Trustees want more retail merchants

Bank’s bid for Ogden location triggers broader talk on taxes and land use strategy

To make the most of Hinsdale’s prime and precious commercial property, village officials are keen to embrace businesses that contribute to the sales tax coffers.

Firms like Lakeside Bank, which has applied for a special use permit to open a branch at 222 E. Ogden Ave., do not get the welcome mat treatment in an effort to protect the high-traffic Ogden corridor for retail merchants rich in revenue.

At the Dec. 8 village board meeting, trustees discussed both the bank’s application and the overarching desire to rewrite the zoning code to screen out first-floor service firms.

Trustee Scott Banke suggested the village’s fiscal health depends upon leveraging opportunities to reap sales tax.

“I think that we not only have an obligation as far as (protecting) revenue generation in areas where we can generate revenue, but also we’re coming off the heels of COVID ... and it’s going to present (financial) challenges,” Banke said.

Last month the village’s plan commission recommended approval of the bank’s application to construct a two-story facility at the site, where a vacant medical office building currently stands. However, commissioners were under the false impression that first-floor banks were a permitted use in the B-3 district. They are a special use under the zoning code requiring village board approval.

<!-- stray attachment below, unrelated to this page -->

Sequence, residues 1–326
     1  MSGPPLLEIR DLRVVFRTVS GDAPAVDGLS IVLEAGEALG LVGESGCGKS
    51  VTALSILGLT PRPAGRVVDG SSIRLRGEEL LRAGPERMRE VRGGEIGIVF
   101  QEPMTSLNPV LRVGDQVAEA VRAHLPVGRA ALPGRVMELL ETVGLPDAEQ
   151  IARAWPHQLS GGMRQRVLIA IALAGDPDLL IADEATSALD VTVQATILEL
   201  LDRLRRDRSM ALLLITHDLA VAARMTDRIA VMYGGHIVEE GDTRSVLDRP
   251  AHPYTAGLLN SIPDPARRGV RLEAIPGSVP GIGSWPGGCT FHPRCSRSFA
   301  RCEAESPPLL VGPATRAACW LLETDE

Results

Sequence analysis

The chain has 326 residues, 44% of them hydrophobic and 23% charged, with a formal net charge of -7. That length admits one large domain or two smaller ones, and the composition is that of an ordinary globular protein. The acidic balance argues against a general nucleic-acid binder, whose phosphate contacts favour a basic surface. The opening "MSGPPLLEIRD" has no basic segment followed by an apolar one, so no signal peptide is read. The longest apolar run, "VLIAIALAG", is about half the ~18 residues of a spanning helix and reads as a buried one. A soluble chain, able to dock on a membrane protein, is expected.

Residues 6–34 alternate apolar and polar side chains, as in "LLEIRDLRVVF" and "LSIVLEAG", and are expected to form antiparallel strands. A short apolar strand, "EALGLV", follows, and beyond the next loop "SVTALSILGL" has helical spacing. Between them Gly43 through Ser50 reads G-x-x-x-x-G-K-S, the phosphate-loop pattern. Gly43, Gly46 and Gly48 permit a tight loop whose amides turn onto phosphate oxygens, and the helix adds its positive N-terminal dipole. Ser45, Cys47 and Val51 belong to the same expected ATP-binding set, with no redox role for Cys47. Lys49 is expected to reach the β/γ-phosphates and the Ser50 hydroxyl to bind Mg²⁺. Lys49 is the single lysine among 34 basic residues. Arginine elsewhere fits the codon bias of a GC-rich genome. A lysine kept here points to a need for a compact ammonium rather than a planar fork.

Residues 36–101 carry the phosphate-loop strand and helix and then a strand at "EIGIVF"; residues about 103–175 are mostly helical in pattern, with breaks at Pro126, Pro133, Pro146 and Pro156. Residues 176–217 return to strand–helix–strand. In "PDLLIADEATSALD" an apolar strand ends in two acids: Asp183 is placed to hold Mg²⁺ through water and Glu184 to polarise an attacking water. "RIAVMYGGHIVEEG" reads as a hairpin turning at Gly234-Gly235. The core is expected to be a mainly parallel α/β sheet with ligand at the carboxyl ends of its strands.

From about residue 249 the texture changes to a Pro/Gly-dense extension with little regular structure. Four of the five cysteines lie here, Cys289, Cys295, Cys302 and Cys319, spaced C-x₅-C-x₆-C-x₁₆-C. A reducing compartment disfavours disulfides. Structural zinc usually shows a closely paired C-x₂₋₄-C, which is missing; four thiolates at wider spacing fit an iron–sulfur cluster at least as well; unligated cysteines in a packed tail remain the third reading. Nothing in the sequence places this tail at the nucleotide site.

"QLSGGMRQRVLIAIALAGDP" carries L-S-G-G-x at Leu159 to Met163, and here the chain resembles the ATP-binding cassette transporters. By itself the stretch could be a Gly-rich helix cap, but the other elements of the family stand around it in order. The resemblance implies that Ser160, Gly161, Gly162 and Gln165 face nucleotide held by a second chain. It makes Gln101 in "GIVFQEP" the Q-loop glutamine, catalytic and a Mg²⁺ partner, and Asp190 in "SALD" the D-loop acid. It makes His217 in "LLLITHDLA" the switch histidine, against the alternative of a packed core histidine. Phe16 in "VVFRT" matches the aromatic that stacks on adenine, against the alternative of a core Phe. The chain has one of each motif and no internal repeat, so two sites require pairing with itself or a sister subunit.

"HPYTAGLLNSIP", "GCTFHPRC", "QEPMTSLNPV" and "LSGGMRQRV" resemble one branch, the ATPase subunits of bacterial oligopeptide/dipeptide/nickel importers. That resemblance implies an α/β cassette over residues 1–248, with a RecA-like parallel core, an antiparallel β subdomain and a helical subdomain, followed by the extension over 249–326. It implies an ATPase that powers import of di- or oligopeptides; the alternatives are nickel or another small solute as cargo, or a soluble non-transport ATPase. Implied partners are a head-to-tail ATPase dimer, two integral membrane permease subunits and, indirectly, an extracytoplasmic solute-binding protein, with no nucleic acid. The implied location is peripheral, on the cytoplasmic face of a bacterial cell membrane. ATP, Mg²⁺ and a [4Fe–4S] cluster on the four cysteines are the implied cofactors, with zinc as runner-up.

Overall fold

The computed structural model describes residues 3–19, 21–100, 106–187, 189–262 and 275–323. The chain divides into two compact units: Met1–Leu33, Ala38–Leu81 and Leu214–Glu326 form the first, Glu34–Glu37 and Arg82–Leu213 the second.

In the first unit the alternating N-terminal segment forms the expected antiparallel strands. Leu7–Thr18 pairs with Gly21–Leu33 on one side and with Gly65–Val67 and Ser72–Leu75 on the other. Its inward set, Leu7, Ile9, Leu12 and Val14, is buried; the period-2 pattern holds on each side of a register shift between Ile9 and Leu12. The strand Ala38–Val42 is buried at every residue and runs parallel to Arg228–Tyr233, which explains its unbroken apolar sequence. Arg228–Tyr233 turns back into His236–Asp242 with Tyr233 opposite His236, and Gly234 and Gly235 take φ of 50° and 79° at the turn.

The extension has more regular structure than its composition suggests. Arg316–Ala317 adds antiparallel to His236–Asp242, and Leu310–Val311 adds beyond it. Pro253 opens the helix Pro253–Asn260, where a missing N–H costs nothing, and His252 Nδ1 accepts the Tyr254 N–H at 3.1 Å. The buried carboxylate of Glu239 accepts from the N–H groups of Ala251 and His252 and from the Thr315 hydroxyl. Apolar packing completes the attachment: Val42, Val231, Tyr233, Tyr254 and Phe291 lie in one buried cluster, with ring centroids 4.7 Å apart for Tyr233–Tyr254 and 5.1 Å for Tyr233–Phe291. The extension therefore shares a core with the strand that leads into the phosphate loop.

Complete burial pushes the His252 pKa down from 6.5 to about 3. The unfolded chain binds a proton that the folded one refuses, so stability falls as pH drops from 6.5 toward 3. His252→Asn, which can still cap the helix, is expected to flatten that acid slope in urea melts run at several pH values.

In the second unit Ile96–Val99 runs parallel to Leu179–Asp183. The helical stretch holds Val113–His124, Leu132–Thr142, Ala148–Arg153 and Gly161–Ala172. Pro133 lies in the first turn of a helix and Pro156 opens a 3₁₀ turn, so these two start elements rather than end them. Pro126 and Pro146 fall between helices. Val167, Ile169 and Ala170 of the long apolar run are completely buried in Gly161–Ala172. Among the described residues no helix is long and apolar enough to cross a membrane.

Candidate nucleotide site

Village President Tom Cauley cited a 2008 Illinois Supreme Court ruling that affirmed Hinsdale’s authority to prohibit a bank from moving into the former GM training site on Ogden, which is now a Land Rover dealership. Technically, under the village’s code, all first-floor banks in town are legal non-conforming uses.

Trustee Luke Stifflear pointed out that other non-sales tax generating businesses, such as real estate offices and hair salons, are permitted uses and could occupy the site without needing approval. Consequently, he stressed, the village should act comprehensively to more effectively control the corridor.

“If we don’t approve (the bank), we need to write our (zoning) map for along Ogden Avenue to specifically (allow only) 100-percent sales tax revenue,” Stifflear said.

Cauley agreed.

“We should address that whole corridor and say that we don’t want things there that don’t generate sales tax revenue,” he said, questioning the community’s need for another bank. “I think we have to think long and hard before we put more businesses in that area that aren’t garnering any sales taxes.”

Peter Coules, an attorney representing Lakeside Bank, argued that the size of the site is not suitable for a typical retail establishment and that such a use would be less palatable for nearby residents.

“This bank is going to be a good neighbor to everyone because people aren’t there working until 7 o’clock at night and they’re not there on Sundays,” Coules said, speculating that the property will remain vacant for years under trustees’ more restrictive vision.

Trustee Laurel Haarlow said another factor is the impending removal of the Hinsdale Oasis overpass due to the Tri-State expansion project, expected to take a big bite out of village tax receipts.

The bank’s application was a first read and is expected to be on the board’s agenda again at the Tuesday, Jan. 5, meeting, when trustees are also expected to consider a proposed amendment regarding businesses in the Ogden corridor.

Author Bio

Ken Knutson is associate editor of The Hinsdalean